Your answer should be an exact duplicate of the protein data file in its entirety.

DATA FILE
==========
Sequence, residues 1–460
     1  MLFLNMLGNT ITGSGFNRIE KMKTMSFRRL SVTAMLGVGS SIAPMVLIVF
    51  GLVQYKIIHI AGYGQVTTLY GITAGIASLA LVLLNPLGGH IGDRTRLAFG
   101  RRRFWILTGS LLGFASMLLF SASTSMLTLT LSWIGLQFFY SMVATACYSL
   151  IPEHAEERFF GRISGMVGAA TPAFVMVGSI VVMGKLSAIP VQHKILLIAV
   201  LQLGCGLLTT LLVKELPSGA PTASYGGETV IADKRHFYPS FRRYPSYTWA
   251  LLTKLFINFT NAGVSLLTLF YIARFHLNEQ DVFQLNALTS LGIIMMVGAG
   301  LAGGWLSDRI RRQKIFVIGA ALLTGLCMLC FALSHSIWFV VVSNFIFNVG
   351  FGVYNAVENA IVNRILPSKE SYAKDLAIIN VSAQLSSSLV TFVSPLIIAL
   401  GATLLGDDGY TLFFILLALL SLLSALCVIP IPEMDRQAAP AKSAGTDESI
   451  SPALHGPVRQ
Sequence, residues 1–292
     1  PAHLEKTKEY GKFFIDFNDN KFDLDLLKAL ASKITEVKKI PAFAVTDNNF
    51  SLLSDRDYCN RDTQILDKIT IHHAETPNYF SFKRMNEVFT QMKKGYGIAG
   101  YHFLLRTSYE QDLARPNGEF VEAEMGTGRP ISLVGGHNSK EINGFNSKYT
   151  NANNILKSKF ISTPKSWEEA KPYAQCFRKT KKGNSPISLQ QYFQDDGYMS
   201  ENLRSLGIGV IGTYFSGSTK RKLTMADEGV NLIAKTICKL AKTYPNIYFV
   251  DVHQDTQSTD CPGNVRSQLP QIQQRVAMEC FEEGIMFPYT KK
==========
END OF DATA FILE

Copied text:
Sequence, residues 1–460
     1  MLFLNMLGNT ITGSGFNRIE KMKTMSFRRL SVTAMLGVGS SIAPMVLIVF
    51  GLVQYKIIHI AGYGQVTTLY GITAGIASLA LVLLNPLGGH IGDRTRLAFG
   101  RRRFWILTGS LLGFASMLLF SASTSMLTLT LSWIGLQFFY SMVATACYSL
   151  IPEHAEERFF GRISGMVGAA TPAFVMVGSI VVMGKLSAIP VQHKILLIAV
   201  LQLGCGLLTT LLVKELPSGA PTASYGGETV IADKRHFYPS FRRYPSYTWA
   251  LLTKLFINFT NAGVSLLTLF YIARFHLNEQ DVFQLNALTS LGIIMMVGAG
   301  LAGGWLSDRI RRQKIFVIGA ALLTGLCMLC FALSHSIWFV VVSNFIFNVG
   351  FGVYNAVENA IVNRILPSKE SYAKDLAIIN VSAQLSSSLV TFVSPLIIAL
   401  GATLLGDDGY TLFFILLALL SLLSALCVIP IPEMDRQAAP AKSAGTDESI
   451  SPALHGPVRQ
Sequence, residues 1–292
     1  PAHLEKTKEY GKFFIDFNDN KFDLDLLKAL ASKITEVKKI PAFAVTDNNF
    51  SLLSDRDYCN RDTQILDKIT IHHAETPNYF SFKRMNEVFT QMKKGYGIAG
   101  YHFLLRTSYE QDLARPNGEF VEAEMGTGRP ISLVGGHNSK EINGFNSKYT
   151  NANNILKSKF ISTPKSWEEA KPYAQCFRKT KKGNSPISLQ QYFQDDGYMS
   201  ENLRSLGIGV IGTYFSGSTK RKLTMADEGV NLIAKTICKL AKTYPNIYFV
   251  DVHQDTQSTD CPGNVRSQLP QIQQRVAMEC FEEGIMFPYT KK